Any professional journalist should be able to write an objective article, but the selection and presentation of facts – a form of rhetoric – can be influenced by a reporter's familiarity with a topic. Moral panics often involve articles that lead the reader to the conclusion that video games or other youth activities were to some degree responsible for the crime being reported. The writers of such articles have no personal stakes in the representation of the entertainment forms. Seldom do rock 'n rollers, role-players, or video gamers write words that condemn the authors' own interests.
Although objectivity is an important journalistic quality, knowledge is as well. An informed journalist whose personal life includes comic books or video games may represent that interest by presenting his topics neutrally. Such a reporter would be less likely to misstate facts, exaggerate reports, or take things out of context.
The ultimate goal for such a breed of journalists is to introduce a unique perspective into daily newspapers. The same can be accomplished by newspapers using material from gaming publications. For example, the 21 Aug. 2000 edition of GameWEEK, "The #1 Interactive Entertainment Trade Newsweekly," reported a poll of 1,000 adults who were asked, "Although there may be many explanations for juvenile delinquency and violence among youth, which of the following do you think has the most influence – movies, television, comic books, video games or family?" Family was the choice of 56.3% respondents, with video games ranked at 7.9% and comic books at 0.5%. Though many newspapers reported that kids felt a Columbine shooting could happen at their school, such articles did not report what would cause such a shooting. A poll of more than 13,000 video gamers held at GameFAQs.com on 25 Apr 2001 indicated that 60% felt video games are not responsible for real-life violence; less than 2% felt that video game makers are responsible for that violence. These opinions, divergent from what newspapers commonly report, are currently made available only to the audience that uses video games. Presenting both an insider's and outsider's perspectives in a medium to which the average reader, gamer and non-gamer alike, have regular access would create a public better informed to form their own opinions.
Despite all that we can learn from looking at these cycles of outrage, some moral panics seem inevitable. As sure as moral panics existed before Cohen coined the term, so will they continue to be created in the new millennium. In early 2001, a church in Pennsylvania hosted a book burning of J.K. Rowlings'Harry Potter fantasy books. Joining the books were the "ungodly" music records of Bruce Springsteen, movies such as Disney's "Pinocchio" and "Hercules", and books by psychic Shirley MacLaine. Rowlings' books, like video games, blend fantasy with reality, depicting magic use in modern-day England. They have received wide press coverage due to their amazing popularity among children, and the series has been praised for "turning couch potatoes into readers."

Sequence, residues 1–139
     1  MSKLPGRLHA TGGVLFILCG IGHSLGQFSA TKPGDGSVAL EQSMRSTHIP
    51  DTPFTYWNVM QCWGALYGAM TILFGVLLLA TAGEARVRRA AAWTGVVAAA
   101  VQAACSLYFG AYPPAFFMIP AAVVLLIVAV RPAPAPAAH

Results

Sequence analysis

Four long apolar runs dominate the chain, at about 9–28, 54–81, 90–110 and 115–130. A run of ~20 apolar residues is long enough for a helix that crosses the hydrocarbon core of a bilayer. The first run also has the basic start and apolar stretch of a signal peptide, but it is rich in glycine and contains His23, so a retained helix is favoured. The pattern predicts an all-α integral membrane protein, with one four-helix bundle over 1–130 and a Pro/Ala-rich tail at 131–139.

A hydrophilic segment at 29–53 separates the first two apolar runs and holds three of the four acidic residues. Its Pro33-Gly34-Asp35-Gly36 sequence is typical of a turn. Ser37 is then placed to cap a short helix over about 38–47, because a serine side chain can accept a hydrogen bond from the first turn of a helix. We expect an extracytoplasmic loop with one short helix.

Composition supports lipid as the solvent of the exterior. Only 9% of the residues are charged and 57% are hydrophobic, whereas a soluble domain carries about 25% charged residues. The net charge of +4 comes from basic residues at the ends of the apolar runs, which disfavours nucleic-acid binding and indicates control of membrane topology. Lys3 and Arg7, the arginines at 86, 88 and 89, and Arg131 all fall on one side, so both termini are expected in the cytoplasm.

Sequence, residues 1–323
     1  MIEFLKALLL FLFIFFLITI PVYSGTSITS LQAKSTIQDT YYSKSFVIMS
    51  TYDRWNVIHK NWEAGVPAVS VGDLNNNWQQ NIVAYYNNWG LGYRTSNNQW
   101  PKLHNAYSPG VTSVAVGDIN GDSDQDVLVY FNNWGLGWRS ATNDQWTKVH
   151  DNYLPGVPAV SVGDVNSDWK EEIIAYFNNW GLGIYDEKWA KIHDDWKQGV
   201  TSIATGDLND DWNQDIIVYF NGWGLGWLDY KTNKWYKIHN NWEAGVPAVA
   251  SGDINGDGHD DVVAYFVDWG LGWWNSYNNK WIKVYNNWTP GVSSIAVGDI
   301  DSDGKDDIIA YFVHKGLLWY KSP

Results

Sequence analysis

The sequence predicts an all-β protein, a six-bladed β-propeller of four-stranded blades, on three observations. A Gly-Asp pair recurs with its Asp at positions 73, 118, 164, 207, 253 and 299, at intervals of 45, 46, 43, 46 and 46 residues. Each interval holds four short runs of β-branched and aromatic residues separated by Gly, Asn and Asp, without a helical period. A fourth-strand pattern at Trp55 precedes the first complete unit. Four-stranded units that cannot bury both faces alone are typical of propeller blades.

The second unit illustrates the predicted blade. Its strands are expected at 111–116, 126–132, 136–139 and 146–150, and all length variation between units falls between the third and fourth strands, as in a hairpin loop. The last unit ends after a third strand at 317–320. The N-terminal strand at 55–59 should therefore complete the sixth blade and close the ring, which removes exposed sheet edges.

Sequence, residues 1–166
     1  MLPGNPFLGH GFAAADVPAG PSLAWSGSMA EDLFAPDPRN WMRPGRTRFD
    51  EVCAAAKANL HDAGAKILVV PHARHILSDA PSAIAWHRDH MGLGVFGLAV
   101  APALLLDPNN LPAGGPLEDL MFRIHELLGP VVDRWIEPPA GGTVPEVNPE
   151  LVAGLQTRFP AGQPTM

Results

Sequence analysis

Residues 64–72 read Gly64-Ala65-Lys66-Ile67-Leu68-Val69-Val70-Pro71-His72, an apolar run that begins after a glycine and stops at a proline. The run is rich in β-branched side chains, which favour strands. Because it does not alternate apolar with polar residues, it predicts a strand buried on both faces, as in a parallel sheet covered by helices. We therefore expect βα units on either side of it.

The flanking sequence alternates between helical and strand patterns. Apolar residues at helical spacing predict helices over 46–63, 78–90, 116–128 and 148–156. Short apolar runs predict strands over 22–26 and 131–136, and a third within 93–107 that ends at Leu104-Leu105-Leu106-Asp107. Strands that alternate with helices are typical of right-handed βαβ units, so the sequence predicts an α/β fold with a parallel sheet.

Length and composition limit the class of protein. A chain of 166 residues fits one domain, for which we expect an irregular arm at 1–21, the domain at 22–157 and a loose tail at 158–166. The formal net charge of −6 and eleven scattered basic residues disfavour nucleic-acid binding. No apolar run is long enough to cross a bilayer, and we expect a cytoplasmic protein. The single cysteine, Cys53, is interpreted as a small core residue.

The Pennsylvanian church reverend, a community moral leader, stated, "It's the same old devil with a new face."
The following excerpts were chosen by Dr. Frederic Wertham for inclusion in his book, Seduction of the Innocent. They include many examples of what Wertham found objectionable with the crime and horror comics of his day.
As I suggested in the conclusion, a strong means by which to prevent moral panics is to allow both youth culture and the people representing them to present their interpretations in a medium to which everyone has access. Since this paper has explored how video games have been represented in the mass media, I feel it would be remiss of me to not allow video gamers to also have a say in this project.
The following pages are selected strips of the online comic Penny Arcade, by Mike Krahulik and Jerry Holkins. These strips have been chosen for their representation of how video gamers perceive how others perceive them. Each strip is labeled with the original title, post date, and the online address at which it can be found.
This appendix is presented with the permission of Krahulik and Holkins.
posted 9 Dec 1998
posted 2 Jul 1999
"The Longest Line"
posted 13 Dec 1999
"A Threat To America's Youth"
posted 20 Dec 1999
"K-Mart: Saving Lives"
posted 2 Jun 2000
"But That's The Best Part!"
posted 14 Jul 2000
"For Mom and Dad!"
posted 16 Apr 2001
"Dear Stupid People:"
posted 23 Apr 2001
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———. Reinventing Comics. New York: HarperCollins, 2000.
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Wilkins, Julia. "Protecting our children from Internet smut: moral duty or moral panic?", The Humanist Vol. 57, 19 Sep. 1997: 4.Tags: comic books, Congress, D&D, Dungeons & Dragons, Frederic Wertham, moral panics, MQP, rock n roll, Seduction of the Innocent, WPI